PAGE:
Fedor Emelianenko is likely one of the most divisive and talked-about figures in the young sport of mixed martial arts. Hailed as the greatest Heavyweight ever by some, denounced as a fraud by others, it's hard to ever find any middle ground on Fedor, and frankly the debate has become more than tiresome.
Fedor is the No. 1 ranked Heavyweight according to just about every ranking and website with any credibility and has been so for years on end.
When talking about the Heavyweight division in MMA, I think it is very important to understand there is a very stark divide in the evolution of MMA Heavyweights; the MMA Heavyweight division definitely transformed in 2006.
From the late 1990s to 2005, the Heavyweight division was shallow and only had a handful of truly skilled fighters that were firmly divided between two promotions.
In the UFC the Heavyweight belt changed hands constantly, 13 times in seven years. The UFC had the inside track for American-born fighters like Randy Couture, Mark Coleman, Kevin Randleman, and Tim Syliva.
Meanwhile in Japan, a talented group of Heavyweights from around the world battled in PRIDE. And while equally talentedâ€”if more top heavyâ€”than the UFC, the PRIDE belt stayed firmly in the hands of Fedor since he won it in 2003 to its disbanding in 2007.
Fedor did not face the stiff competition fight-to-fight in his career. Often the PRIDE division was shallow. In between super fights Fedor would fight a Gary Goodridge.
While Gary Goodridge holds one of my all-time favorite KOs, he isn't a quality win. But that KO was great... let's take a minute to watch that again
Oh yeah, that hurts...
Back to the point, while Fedor unquestionably has a padded record, besides Randy Couture and Josh Barnett there isn't a Heavyweight that was relevant before 2005 that Fedor hasn't beaten.
Fedor has dispatched Mark Coleman twice, Nogueira twice, Mirko Cro Cop, Kevin Randleman, Fujita, Heath Herring, Tim Sylvia, and Andrei Arlovski.
Now many will claim that many of these fighters were well past their prime and faded when Fedor fought them, but Fedor has been fighting since 2000 and has not experienced a similar fading.
Now we come to that 2006 divide, the evolution of the Heavyweight division. This is when we see the professional debuts of Junior Dos Santos, Shane Carwin, and Cain Velasquez, the return of Frank Mir to MMA, followed shortly by Brock Lesnar in 2007.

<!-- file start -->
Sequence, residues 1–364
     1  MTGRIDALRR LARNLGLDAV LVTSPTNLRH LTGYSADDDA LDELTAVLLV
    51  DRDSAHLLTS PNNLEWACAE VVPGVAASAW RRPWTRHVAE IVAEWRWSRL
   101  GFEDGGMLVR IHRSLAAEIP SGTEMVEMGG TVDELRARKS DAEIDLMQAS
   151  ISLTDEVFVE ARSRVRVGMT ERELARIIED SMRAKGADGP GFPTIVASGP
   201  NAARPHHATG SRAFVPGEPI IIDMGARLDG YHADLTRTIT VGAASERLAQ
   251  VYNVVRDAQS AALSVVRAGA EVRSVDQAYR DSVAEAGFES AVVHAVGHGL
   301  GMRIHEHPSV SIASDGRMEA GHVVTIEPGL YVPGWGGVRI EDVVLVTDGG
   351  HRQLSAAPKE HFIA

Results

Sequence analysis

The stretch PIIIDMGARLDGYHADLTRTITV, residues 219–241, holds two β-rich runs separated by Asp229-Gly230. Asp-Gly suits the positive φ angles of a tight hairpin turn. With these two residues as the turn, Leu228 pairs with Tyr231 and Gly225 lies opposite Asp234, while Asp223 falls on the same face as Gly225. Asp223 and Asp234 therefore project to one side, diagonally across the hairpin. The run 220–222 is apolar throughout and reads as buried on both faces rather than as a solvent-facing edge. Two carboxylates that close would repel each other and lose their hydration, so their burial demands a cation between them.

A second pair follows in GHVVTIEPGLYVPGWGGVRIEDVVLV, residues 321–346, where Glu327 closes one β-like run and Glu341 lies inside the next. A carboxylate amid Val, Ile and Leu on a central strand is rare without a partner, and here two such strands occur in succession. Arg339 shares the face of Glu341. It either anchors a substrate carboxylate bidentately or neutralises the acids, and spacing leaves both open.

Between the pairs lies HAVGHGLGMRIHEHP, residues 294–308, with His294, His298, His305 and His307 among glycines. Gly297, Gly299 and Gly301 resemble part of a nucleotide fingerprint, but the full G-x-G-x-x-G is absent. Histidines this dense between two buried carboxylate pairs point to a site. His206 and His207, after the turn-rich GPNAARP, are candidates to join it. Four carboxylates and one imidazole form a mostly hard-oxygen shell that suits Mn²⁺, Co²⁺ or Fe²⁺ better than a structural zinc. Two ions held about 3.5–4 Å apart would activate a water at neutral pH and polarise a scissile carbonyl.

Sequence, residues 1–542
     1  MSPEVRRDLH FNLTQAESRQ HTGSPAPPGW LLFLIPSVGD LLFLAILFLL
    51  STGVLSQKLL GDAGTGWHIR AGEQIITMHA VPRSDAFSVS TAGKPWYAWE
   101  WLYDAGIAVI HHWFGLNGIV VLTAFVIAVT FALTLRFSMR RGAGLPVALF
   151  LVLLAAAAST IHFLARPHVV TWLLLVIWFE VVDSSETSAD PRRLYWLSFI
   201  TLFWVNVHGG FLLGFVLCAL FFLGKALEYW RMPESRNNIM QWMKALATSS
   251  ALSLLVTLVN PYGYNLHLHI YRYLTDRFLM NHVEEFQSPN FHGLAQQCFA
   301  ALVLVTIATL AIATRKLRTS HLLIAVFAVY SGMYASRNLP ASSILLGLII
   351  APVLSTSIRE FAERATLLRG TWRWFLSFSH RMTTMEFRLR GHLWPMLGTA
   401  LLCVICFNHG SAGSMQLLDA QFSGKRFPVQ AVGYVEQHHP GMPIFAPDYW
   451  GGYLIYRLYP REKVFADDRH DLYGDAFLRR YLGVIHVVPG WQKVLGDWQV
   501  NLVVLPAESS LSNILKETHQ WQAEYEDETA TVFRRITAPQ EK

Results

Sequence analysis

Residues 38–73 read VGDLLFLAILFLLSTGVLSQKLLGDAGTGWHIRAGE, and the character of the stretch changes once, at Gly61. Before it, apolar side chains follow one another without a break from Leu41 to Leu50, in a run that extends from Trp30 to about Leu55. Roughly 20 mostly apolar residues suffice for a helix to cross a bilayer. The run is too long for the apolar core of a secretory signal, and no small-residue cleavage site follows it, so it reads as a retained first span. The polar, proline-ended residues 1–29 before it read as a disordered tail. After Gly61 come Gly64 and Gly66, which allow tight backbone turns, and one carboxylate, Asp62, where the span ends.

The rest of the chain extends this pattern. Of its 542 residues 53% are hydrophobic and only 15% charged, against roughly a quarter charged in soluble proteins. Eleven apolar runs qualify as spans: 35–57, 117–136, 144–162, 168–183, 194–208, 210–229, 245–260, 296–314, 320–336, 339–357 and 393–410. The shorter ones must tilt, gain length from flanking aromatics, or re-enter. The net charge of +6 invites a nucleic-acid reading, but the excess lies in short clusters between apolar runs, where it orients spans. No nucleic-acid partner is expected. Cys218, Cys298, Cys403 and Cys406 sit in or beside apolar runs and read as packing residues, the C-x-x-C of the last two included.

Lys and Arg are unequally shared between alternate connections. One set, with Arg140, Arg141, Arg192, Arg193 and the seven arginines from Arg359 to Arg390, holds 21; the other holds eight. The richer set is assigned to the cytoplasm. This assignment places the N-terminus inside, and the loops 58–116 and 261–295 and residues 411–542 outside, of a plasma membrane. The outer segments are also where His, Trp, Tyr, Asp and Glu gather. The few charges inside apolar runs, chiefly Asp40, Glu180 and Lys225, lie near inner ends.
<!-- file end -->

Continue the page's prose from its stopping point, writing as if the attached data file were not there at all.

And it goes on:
This new generation of Heavyweights, exclusively in the UFC, is reinventing the division. With a greater focus on athleticism and skill, the older Heavyweights are quickly being passed by.
Fedor has proved to have some staying power as he gets older because of his outstanding grappling. Many MMA fans who have gotten sucked in by Fedor's recent string of big right hands have forgotten that while Fedor has heavy hands, his bread and butter is in grappling.
Fedor is a standout student of both Judo and Sambo and many of his most memorable wins have come via submission.
But this new crop of Heavyweights brings a different level of ability, and I feel it's almost impossible to argue that Velasquez and Dos Santos don't have the tools to become a more complete and better fighter than Fedor ever was.
I think Fedor is a great fighter, but much of the debate that swirls around him now frequently involves comparing him to current UFC Heavyweight contenders, and of course the UFC Champion, and Fedor's ranking above them.
While I do feel now that Fedor's high-level skill in grappling and his total accomplishment in the sport warrants a No. 1 ranking, I think Fedor's true era has passed. I think it's entirely possible that either Velasquez or Dos Santos finishes the year as the No. 1 Heavyweight in MMA.
And even if that does happen it cannot take away from Fedor's dominance up until 2005. Fedor will go down as an all-time great in the sport, but Fedor's dethroning has been brewing since 2006 and a new kind of MMA fighter has been growing at Heavyweight.
by Tom Grant